Another excellent link fron Ray Schroeder’s Online Learning Update pointing to a paper on Graduate Portfolios.
Using Online Education to Develop Graduate Portfolios outlines one use of an electronic portfolio – as a capstone in a Master of Science Degree program.
The author (L. Dayle Yeager from Texas A&M) does a good job in describing what e-portfolios in general are useful for, and the how this application fits:
The type of graduate portfolio developed in this online project was a hybrid prototype that combined various aspects of different portfolios. Named the showcase/professional portfolio, it incorporated (1) a summative mode of assessment, (2) best work samples of an overall graduate degree program, and (3) “highly” professional attributes.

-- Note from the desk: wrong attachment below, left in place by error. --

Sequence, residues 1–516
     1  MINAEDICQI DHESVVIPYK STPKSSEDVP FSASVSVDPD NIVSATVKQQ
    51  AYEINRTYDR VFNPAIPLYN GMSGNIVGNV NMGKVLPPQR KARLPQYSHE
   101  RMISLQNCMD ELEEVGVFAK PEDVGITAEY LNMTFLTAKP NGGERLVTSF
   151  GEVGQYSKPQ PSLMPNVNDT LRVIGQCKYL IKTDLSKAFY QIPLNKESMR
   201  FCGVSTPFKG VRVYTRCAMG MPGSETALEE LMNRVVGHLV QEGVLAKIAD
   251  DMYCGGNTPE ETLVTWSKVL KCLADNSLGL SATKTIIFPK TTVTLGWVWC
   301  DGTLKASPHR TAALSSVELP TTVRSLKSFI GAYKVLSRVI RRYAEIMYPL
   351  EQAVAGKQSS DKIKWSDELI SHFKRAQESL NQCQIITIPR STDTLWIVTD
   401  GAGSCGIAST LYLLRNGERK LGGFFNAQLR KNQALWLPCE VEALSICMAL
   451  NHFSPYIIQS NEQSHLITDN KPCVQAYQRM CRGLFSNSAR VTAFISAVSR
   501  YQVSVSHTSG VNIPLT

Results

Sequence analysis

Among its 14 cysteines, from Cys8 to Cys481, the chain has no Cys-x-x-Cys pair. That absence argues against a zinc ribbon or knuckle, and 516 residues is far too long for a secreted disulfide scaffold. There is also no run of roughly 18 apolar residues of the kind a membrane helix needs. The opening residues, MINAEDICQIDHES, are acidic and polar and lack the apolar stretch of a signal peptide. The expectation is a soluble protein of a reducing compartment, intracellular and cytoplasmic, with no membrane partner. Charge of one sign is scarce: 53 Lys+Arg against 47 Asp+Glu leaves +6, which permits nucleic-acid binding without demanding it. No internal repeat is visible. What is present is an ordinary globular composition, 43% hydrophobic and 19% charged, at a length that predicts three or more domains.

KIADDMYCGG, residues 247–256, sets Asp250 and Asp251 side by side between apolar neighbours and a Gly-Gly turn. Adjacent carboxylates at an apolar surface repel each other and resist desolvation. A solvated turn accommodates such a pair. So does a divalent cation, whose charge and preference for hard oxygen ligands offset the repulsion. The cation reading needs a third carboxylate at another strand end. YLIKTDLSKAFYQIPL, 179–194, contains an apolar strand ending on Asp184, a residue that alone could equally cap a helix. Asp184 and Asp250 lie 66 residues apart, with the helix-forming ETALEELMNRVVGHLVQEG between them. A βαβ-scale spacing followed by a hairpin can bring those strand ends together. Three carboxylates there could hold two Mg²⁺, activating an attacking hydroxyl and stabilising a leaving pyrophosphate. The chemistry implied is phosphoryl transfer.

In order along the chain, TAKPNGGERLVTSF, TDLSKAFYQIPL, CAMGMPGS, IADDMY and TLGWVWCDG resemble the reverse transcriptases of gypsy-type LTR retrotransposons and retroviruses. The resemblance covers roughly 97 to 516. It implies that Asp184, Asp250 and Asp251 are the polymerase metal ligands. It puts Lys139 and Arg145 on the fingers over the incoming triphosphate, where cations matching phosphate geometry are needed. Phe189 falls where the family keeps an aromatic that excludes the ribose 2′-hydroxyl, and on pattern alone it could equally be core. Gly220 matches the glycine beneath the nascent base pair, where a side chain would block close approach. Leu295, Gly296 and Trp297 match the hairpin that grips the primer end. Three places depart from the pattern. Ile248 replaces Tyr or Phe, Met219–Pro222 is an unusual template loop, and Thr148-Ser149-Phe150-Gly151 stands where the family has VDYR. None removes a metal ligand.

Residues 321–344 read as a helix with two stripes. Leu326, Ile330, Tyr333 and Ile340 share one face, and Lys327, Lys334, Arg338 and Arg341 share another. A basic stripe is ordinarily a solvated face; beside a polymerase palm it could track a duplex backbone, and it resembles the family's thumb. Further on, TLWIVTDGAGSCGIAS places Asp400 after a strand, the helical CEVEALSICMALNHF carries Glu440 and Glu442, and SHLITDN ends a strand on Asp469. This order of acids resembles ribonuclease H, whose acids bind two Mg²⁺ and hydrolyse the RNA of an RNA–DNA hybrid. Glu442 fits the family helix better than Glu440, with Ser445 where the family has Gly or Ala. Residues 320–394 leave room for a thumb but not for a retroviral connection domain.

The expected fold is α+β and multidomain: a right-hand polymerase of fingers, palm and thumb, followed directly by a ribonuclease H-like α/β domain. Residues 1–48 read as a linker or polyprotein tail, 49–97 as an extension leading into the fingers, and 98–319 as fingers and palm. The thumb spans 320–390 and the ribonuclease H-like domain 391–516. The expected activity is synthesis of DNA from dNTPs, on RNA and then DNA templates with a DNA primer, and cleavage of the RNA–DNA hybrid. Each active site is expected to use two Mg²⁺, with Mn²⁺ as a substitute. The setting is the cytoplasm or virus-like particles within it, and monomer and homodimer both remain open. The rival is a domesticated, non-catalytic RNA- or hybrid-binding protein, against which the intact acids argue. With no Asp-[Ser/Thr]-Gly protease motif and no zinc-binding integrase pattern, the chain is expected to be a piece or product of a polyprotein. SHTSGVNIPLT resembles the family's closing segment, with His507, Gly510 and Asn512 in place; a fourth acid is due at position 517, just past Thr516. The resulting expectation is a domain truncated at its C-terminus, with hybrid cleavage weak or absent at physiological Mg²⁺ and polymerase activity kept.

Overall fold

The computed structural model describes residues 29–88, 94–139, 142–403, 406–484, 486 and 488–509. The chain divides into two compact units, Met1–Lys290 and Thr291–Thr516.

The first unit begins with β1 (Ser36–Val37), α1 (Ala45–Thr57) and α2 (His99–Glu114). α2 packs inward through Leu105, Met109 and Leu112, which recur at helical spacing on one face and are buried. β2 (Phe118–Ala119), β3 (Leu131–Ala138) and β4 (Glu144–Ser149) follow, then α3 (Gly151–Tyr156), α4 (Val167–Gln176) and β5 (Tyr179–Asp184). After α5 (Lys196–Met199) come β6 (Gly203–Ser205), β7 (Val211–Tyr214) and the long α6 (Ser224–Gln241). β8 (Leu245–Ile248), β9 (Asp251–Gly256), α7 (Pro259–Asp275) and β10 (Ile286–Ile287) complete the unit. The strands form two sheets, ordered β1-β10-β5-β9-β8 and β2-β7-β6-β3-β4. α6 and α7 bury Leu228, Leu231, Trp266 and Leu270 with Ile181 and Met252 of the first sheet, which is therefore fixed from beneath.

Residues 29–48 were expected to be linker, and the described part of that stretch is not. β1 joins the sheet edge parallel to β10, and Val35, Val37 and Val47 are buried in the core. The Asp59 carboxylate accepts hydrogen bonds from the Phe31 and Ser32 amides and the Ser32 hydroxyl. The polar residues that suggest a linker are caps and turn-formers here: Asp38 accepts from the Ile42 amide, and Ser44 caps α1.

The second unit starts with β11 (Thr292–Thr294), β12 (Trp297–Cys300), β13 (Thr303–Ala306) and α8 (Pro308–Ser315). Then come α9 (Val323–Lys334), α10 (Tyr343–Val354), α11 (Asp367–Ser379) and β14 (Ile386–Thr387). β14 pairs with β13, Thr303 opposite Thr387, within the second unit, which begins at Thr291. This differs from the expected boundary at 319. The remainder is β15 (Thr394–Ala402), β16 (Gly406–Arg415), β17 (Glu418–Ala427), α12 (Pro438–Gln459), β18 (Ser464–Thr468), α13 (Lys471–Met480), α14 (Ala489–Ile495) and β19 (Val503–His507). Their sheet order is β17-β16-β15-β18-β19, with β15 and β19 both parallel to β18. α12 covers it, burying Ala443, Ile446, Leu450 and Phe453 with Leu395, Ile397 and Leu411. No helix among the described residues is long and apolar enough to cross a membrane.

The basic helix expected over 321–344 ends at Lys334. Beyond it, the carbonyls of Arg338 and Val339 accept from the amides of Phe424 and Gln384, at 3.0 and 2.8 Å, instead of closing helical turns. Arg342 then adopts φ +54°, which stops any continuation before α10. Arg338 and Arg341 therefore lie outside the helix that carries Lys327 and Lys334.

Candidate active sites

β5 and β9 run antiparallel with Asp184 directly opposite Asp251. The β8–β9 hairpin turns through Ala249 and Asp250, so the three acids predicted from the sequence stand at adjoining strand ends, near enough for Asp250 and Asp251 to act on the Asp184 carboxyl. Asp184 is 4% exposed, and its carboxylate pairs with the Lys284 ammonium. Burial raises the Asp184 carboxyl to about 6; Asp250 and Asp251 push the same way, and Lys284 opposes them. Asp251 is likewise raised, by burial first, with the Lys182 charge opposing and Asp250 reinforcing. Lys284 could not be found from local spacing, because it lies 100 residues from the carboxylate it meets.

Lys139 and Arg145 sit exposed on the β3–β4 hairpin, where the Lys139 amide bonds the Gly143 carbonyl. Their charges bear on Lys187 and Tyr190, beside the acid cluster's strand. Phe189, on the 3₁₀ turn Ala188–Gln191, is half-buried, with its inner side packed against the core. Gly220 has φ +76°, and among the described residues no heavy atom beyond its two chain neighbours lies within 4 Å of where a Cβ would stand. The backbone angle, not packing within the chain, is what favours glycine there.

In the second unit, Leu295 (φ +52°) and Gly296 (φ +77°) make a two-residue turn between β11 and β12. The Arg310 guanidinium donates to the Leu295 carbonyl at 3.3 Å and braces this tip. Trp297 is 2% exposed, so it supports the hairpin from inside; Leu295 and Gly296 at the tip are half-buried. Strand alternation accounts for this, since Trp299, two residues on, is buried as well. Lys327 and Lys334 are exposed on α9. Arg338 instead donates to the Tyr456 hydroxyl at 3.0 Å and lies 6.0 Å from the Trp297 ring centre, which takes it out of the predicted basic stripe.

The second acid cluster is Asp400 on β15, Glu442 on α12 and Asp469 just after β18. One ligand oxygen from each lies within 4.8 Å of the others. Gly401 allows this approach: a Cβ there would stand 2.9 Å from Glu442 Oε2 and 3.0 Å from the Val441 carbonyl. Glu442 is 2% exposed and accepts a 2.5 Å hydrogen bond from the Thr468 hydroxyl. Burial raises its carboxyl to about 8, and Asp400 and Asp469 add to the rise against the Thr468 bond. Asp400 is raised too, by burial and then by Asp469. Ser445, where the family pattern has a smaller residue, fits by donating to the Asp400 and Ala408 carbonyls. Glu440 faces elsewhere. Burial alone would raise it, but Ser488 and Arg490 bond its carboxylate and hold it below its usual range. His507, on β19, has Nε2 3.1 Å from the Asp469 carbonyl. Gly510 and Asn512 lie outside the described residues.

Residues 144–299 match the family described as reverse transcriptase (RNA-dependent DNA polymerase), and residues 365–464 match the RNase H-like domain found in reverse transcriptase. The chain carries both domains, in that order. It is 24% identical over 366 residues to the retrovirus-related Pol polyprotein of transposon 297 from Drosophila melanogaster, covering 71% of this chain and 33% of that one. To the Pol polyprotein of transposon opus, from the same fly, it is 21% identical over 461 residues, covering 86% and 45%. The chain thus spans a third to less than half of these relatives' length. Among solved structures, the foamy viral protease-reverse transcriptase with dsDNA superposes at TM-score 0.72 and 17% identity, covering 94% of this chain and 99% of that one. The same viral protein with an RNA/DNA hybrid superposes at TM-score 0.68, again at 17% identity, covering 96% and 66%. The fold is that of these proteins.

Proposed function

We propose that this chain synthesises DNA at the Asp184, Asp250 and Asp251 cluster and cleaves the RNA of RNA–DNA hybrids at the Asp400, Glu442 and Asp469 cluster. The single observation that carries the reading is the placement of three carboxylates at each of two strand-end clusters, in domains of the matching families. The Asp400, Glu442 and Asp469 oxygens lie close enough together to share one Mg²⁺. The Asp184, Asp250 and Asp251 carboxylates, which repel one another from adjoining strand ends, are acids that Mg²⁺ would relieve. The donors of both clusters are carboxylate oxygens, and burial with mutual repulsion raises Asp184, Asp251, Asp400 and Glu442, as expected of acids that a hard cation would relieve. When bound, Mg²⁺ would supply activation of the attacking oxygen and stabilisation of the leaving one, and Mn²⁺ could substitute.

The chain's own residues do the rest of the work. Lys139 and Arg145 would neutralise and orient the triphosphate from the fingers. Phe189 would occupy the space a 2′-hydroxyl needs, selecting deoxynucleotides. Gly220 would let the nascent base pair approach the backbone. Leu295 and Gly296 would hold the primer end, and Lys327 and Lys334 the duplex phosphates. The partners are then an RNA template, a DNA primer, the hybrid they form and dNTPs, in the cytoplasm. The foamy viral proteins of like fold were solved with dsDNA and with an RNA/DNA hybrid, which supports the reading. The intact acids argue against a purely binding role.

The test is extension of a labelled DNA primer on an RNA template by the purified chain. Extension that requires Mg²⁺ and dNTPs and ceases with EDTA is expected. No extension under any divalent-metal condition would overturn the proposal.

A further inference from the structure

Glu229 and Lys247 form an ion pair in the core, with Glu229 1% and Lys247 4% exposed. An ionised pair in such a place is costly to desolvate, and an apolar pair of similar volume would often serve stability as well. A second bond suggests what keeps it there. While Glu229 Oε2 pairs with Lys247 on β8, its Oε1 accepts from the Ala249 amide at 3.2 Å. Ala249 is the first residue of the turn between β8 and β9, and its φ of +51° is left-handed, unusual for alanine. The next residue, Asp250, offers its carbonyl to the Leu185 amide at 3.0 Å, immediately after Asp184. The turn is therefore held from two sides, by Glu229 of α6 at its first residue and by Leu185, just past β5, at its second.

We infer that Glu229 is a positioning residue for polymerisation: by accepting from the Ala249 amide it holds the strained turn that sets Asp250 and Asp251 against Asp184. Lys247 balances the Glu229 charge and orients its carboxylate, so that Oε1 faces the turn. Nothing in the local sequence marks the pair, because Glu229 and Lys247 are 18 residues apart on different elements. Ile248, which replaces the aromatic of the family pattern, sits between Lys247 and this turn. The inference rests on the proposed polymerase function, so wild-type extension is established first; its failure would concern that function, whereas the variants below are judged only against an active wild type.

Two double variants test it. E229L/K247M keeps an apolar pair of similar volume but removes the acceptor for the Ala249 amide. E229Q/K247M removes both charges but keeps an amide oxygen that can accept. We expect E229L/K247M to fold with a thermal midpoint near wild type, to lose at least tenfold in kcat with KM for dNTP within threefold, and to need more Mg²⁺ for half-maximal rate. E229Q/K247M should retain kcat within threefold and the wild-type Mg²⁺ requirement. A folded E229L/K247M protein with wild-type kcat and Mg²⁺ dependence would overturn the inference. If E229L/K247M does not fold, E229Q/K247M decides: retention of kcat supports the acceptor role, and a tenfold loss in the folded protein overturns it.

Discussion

What I like about this paper is that it is eminently practical, and does a good job of addressing both faculty and student concerns. One that stands out relates to grading. When taking on a protfolio project students and faculty both have questions related to grading:
– “How are we going to grade these things?”
– “How are these things going to be graded?”
(I know, I should have used the word assessed there, but I tend towards the pragmatic)
In that regard, their checklists are very useful:
– Student portfolio checklist
– Graduate Faculty’s Assessment Checklist
– Graduate Faculty’s Rubric
This is a must read!